James Campbell Clouston

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James Campbell Clouston
Born (1900-08-31)31 August 1900
Montreal, Canada
Died 3 June 1940(1940-06-03) (aged 39)
English Channel
Allegiance  United Kingdom
Service/branch Naval Ensign of the United Kingdom.svg Royal Navy
Years of service 1918–1940
Rank Commander
Commands held Isis
Battles/wars World War II

James Campbell Clouston (31 August 1900 – 3 June 1940) was a Canadian officer of the British Royal Navy, who acted as pier-master during the Dunkirk evacuation, and who was lost when his motor launch was sunk by enemy aircraft.


Clouston was born in Montreal, Canada, the son of William Stewart Clouston and Evelyn Campbell. After training at the Royal Naval College, Dartmouth, he was commissioned as a sub-lieutenant on 15 August 1923, with seniority from 15 May 1921. He first served aboard the destroyer leader Montrose in the Mediterranean, receiving promotion to lieutenant on 15 June 1922. He trained at HMS Excellent, the Naval Gunnery School at Portsmouth, in mid-1927. He then served as Gunnery Officer in the light cruisers Capetown on the America and West Indies Station, and Delhi at Portsmouth, being promoted to lieutenant commander on 15 June 1930. Promoted to commander on 31 December 1934, Clouston served as a gunnery instructor at Excellent throughout the mid-1930s before being appointed to command the destroyer Isis on 29 May 1937.[1]


In May 1940 while Isis was in dock for repairs, Clouston was attached the Naval Shore Party of eight officers and 160 men under the command of Captain William Tennant sent to the port of Dunkirk to help organise the evacuation. The Naval Shore Party embarked on the destroyer Wolfhound at Dover and sailed on 27 May 1940. Three officers cut cards for their assignments and Clouston won the eastern mole, a narrow wooden walkway mounted on a concrete breakwater, not designed to be used by ships, but the only part of the port that had not been heavily bombed by the Luftwaffe. Clouston organised and regulated the flow of men along the mole into the waiting ships for five days and nights with barely a break.[2]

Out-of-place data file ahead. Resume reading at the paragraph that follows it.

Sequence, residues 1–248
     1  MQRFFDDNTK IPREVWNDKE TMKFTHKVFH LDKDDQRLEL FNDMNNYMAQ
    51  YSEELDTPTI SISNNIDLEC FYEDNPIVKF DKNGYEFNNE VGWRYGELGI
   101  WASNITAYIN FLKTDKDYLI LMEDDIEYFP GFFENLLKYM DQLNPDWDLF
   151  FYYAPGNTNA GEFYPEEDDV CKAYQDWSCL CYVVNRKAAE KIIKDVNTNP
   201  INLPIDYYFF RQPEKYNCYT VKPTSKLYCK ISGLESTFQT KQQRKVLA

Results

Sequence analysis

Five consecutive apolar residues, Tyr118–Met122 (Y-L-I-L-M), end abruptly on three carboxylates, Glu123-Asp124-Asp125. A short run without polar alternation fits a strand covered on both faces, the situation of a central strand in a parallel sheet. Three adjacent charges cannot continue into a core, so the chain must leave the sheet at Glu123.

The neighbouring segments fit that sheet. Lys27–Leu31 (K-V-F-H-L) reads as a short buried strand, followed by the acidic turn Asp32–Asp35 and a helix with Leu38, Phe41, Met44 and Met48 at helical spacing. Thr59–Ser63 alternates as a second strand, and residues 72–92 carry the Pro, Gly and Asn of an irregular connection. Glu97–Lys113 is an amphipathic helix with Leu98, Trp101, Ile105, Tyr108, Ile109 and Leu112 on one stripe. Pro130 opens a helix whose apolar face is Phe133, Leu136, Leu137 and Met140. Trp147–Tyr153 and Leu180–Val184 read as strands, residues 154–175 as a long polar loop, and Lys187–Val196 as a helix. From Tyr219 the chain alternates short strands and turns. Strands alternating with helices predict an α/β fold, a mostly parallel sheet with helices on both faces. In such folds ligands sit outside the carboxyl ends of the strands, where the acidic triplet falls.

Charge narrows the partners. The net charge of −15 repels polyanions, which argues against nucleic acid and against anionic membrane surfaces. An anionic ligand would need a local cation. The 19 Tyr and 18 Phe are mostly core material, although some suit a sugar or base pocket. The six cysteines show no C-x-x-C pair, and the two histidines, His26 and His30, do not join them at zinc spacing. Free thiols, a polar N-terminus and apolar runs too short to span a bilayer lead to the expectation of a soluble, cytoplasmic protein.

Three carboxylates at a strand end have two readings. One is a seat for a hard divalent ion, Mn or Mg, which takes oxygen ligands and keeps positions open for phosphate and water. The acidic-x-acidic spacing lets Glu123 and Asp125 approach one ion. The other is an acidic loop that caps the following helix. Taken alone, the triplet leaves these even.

On 1 June Clouston returned to Dover to report to Vice-Admiral Bertram Ramsay. On the afternoon of 2 June he and a party of 30 men left Dover on two RAF rescue motorboats for the final night of the evacuation. Off the coast of France the two boats were strafed and bombed by eight Ju 87 Stuka's and Clouston's boat was sunk, leaving the crew clinging to the wreckage. Clouston ordered the other boat to continue to Dunkirk, and while waiting for rescue he and his men eventually succumbed to exhaustion and hypothermia. Only one man survived.[2]

On 11 July 1940 Clouston posthumously received a Mention in Despatches for his part in the Dunkirk operation.[1]

Personal life[edit]

Clouston married Gwyneth Lilian Vanderpump (1906–2002) on 28 September 1935, they had two sons.[1]

His two younger brothers were also naval officers. Commander William Stratford Clouston (1908–1974), commanded the Royal Navy destroyer Scorpion during the engagement with Scharnhorst in December 1943.[3] Lieutenant John Douglas Clouston (1909–1942) served in the Royal Canadian Naval Volunteer Reserve aboard Loosestrife in the North Atlantic, and was killed in action.[4]


  1. ^ a b c "Royal Navy (RN) Officers 1939-1945 (Clar–Colv)". unithistories.com. Retrieved 22 December 2010. 
  2. ^ a b Lord, Walter (1984). The Miracle of Dunkirk. London: Penguin Books. ISBN 0-14-005085-X. 
  3. ^ "Cdr. William Stratford Clouston, RN". clouston.co.uk. Retrieved 22 December 2010. 
  4. ^ "Lt. John Douglas Clouston, RCNVR". clouston.co.uk. Retrieved 22 December 2010.